The story so far …..
We have seen that it is hard to explain the fact that the universe exists without some sort of cause and hard to explain its apparent design apart from a designer. Then we saw that it is also difficult to explain human consciousness on purely naturalistic terms.
This post, we look at another aspect of being human that seems to point to something beyond the merely physical.
Freedom of choice is what we want
In Devo’s very old song now, Freedom of Choice, they suggest: “Freedom of choice is what you got. Freedom from choice is what you want.” But what makes our choices “free”, or not? And do we actually have “free choice”?
There seem to be several requirements for a choice to be free:
- We are the agents who actually make a conscious choice (it wasn’t just an accident or an unconscious reaction).
- The choice is voluntary (we are not coerced or forced, e.g. by a threat or by hypnotism).
- We have a reason or goal that leads to the choice (i.e. the action isn’t just random).
- We are originating agents who could have chosen otherwise, because the choice isn’t totally determined by physics and chemistry.
People generally feel we have the ability to make choices like that. Our laws and social customs assume it, and studies show that is what most people think.
But is this true?
Mind and brain
Our brains are physical parts of our bodies that can be measured by science and affected by physical injury. But our minds seem to be something different, for they are not physical, yet in a sense they are the essence of what it means for each of us to be “us”.
It is apparent that our minds depend on our brains – when our brains die or are injured, our minds are also affected. But what is the mind? Is it just the way our brains work, or is it something more? And how does our mind make choices?
Science and philosophy
Because our brains are physical, the electrical and chemical processes in our brains follow physical and chemical laws. And if nothing interferes with those processes, they will continue to follow those predictable laws.
So if our minds and brains are the same thing, there doesn’t seem to be anything of ourselves outside our brains to change those processes, and our thinking will be determined by factors we have no control over, such as our genetics, the sensory inputs our brains receive, and the laws themselves – hence this view is known as “determinism”.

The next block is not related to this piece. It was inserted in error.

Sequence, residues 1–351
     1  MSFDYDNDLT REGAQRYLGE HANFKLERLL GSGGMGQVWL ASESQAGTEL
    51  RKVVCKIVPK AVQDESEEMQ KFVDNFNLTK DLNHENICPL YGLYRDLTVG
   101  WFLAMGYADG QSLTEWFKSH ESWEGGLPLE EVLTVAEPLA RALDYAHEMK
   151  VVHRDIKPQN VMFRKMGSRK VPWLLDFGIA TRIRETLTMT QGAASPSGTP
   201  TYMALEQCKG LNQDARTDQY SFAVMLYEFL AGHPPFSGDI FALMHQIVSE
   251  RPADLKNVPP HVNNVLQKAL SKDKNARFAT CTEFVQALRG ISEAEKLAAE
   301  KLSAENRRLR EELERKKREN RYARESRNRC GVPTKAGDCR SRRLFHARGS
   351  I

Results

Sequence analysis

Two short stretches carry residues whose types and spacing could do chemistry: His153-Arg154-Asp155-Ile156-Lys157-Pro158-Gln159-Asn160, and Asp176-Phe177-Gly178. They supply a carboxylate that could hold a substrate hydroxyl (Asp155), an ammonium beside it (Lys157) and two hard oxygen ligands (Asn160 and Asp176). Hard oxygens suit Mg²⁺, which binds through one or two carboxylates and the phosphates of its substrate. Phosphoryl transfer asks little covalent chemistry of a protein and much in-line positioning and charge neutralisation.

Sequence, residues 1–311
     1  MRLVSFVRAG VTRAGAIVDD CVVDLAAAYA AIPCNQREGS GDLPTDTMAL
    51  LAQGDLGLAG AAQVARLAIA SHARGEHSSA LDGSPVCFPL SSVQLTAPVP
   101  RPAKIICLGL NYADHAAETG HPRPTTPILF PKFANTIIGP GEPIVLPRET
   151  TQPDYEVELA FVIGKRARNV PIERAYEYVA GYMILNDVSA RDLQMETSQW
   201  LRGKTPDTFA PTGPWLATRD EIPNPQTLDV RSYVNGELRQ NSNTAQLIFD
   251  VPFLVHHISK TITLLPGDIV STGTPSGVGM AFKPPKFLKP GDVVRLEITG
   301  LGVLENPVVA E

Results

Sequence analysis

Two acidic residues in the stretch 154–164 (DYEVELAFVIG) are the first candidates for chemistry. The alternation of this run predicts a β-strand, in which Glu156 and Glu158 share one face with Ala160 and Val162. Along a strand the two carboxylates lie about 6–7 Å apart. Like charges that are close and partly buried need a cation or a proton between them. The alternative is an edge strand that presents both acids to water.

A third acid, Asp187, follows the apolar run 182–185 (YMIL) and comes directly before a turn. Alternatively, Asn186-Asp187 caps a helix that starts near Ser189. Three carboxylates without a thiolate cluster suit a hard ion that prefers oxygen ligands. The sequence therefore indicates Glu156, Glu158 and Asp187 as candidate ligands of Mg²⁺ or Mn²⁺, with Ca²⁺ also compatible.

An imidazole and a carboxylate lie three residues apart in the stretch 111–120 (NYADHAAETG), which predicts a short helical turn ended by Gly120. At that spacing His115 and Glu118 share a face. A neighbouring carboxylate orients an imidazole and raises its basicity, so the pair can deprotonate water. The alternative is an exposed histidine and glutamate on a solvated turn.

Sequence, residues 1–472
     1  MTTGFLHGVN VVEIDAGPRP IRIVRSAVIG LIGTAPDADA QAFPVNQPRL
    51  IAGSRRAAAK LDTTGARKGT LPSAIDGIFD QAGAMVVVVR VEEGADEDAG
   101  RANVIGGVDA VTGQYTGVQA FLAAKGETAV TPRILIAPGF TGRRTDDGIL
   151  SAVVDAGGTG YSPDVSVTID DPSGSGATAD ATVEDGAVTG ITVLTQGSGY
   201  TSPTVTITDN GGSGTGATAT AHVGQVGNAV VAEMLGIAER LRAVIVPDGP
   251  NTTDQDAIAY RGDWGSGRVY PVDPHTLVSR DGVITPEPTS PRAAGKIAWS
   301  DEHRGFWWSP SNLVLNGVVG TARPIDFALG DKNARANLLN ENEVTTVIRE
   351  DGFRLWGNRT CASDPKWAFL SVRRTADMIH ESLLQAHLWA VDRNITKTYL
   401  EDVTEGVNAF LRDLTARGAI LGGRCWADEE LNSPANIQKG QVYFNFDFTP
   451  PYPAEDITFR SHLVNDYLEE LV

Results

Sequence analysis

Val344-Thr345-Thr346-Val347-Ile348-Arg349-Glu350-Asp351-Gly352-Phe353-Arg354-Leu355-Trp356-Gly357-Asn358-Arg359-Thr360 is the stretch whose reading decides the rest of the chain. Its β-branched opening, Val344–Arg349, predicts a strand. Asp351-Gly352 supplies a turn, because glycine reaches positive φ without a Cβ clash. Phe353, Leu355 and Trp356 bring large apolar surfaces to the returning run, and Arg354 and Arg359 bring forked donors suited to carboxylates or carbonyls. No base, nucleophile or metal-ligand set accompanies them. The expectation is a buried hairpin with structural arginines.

If all this is true, then our choices will satisfy the free will criteria 1-3, but not criterion 4 (for we are not originating agents), which means they are not free as most of us understand the word.
Most neuroscientists seem to agree. For example, Prof Jerry Coyne: “You may feel like you’ve made choices, but in reality your decision to read this piece …. was determined long before you were aware of it — perhaps even before you woke up today. And your “will” had no part in that decision. So it is with all of our other choices: not one of them results from a free and conscious decision on our part. There is no freedom of choice, no free will.”
Neuroscience experiments are not quite so conclusive. For example, experiments by Wilder Penfield and Benjamin Libet can be interpreted either for or against free will, although most commonly they are thought to demonstrate our actions are determined rather than free.
The philosophers tend to agree. If we humans, like the rest of the universe, are totally physical beings, then free choice is logically impossible. There is no mind, no “us” outside the physical brain processes to make any independent and free choice. For example, philosopher Galen Strawson: “The impossibility of free will …. can be proved with complete certainty.”
A different kind of choice?
Some try to resolve this dilemma by arguing for a form of free will that only requires criteria 1-3. That is, we can indeed make choices that are intentional and not coerced, and that is freedom enough, even though we could’t actually have decided differently for our choice was determined by factors outside our control.
This view, called compatibilism because it considers free will to be compatible with determinism, is really just a matter of definition. If “free will” is defined that way, then our choices are “free”, but nevertheless, they are determined and, given the circumstances, we couldn’t have chosen differently, so criterion 4 isn’t fulfilled.
But what if our minds are more than just our brains?
All this so far is on the assumption that naturalism is true (i.e. the physical is all there is), and thus the mind is nothing more than the physical brain.